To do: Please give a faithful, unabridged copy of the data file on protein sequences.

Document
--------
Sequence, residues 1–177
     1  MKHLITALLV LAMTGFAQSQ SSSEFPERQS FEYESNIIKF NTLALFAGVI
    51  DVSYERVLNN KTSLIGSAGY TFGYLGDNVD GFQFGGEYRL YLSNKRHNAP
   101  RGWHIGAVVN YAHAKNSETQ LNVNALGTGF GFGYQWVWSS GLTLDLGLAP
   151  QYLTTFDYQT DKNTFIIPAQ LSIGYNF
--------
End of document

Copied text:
Sequence, residues 1–177
     1  MKHLITALLV LAMTGFAQSQ SSSEFPERQS FEYESNIIKF NTLALFAGVI
    51  DVSYERVLNN KTSLIGSAGY TFGYLGDNVD GFQFGGEYRL YLSNKRHNAP
   101  RGWHIGAVVN YAHAKNSETQ LNVNALGTGF GFGYQWVWSS GLTLDLGLAP
   151  QYLTTFDYQT DKNTFIIPAQ LSIGYNF